I think I was on the right track with my Cadence, in purposely making it longer. It’s rather loose up top, and the belt is quite necessary for this to work on me! I like the styling of this–though you can’t quite see the whole outfit, I’m wearing it with my skinny jeans and my taller brown boots and it’s just very comfortable, but still nice enough for flute teaching later. For what ended up being such an open knit, it’s surprisingly warm–hurrah for being able to wear alpaca!
My main concern with this is the neckline. It’s stretching like crazy as I wear it–it was about 2″ higher when I put it on this morning, and if not for letting it dip lower in the back, it would quite easily be falling off my shoulders by this point! So I’m trying to figure out what I can do about that–whether it would be better to weave some of the leftover yarn into the neckline to try and tighten it up, or attempt a row of crochet around the top to cinch it in, or what. Because that’s the sort of thing that could take away the wearability factor in what is already a much looser sweater than I would have preferred.
But aside from that, the knitalong is complete. So I wanted to publicly thank Kristin for her expertise and patience with us newbies, and Sarah for coming up with the idea! Despite the frustrations, I did have fun and learned a lot!
So, moving on. I did a bit of swatching and then cast on my next major knitting project last night. This is the Camellia Shrug from the Winter/Spring ’11 KnitScene, and I’m making it in a nice-feeling (and washable!) cotton/acrylic blend that I picked up at the yarn store on Tuesday. I’m 14 rows into it so far, and other than the annoyance of trying to cast 4 stitches onto 3 double-pointed needles without them sliding off and making me start over a couple of times, once I got it going, it’s been a fun knit so far. But I’m really glad that I had the Cadence to work on first so I could get used to reading a chart! The diamond pattern actually isn’t all that dissimilar, either. It’s just a lot more increases, since it starts in the middle and goes out from there in the round.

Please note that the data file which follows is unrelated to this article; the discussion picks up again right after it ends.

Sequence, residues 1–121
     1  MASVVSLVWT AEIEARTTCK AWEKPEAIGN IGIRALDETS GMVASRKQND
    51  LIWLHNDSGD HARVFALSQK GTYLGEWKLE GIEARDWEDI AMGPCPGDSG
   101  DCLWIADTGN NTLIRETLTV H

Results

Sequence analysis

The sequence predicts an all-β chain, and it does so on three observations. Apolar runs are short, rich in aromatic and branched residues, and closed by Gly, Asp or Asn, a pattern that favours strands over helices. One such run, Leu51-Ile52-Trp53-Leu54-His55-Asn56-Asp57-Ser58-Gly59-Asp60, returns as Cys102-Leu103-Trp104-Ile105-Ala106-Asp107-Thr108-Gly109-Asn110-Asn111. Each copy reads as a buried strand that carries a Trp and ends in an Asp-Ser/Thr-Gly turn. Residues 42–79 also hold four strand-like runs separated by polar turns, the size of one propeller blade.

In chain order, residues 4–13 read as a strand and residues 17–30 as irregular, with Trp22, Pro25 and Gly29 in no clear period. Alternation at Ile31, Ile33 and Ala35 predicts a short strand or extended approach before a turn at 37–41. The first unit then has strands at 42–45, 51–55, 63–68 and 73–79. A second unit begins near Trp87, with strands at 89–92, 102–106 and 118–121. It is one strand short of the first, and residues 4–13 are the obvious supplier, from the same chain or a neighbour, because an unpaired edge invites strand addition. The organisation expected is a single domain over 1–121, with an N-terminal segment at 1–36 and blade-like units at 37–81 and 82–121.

I’ve also got my raincoat “muslin” done! This is the sleeveless version of it. And it looks a bit big, but I’m actually going to leave this as is with no adjustments. For one thing, this is being made to wear over bulkier winter clothes. For another thing, it has a belt anyway. So all I need to do is take this apart, trim the seams back down to normal from the 1″ that I allowed for test purposes, and I can get started on the actual cutting out! (And then figure out what to do with that main front piece, since I’m not sure if I’ll need to line or underline that or not.)
One final comment on the next several posts in general… I know there’s occasionally a debate amongst sewing bloggers about whether it’s better to show all finished projects, or in-progress things. And I know there are people out there who have no interest in seeing unfinished projects. I’m one who tends to show more of the process. And I’m ok with that. For me, the process of putting a garment together is as significant a part of the enjoyment as wearing the finished product. I had a nice reminder of that recently when talking about my sewing with a newer friend. (Well, boyfriend, actually. I seem to have stumbled into one of those relationship things over the last month–thus my quasi-resolution to just keep things as pressure-free as I can this year!) So I’m unapologetically going to keep writing about things like how this raincoat comes together. And my barely-started Anthropologie-esque refashion. And this shrug that may not look much different than it does now the next time I take a picture of it. And whatever other sewing or knitting projects I end up doing this year. Because most of us who sew aren’t solely about the destination most of the time, are we? It’s about the journey and the learning process, too. And that’s something that should be celebrated.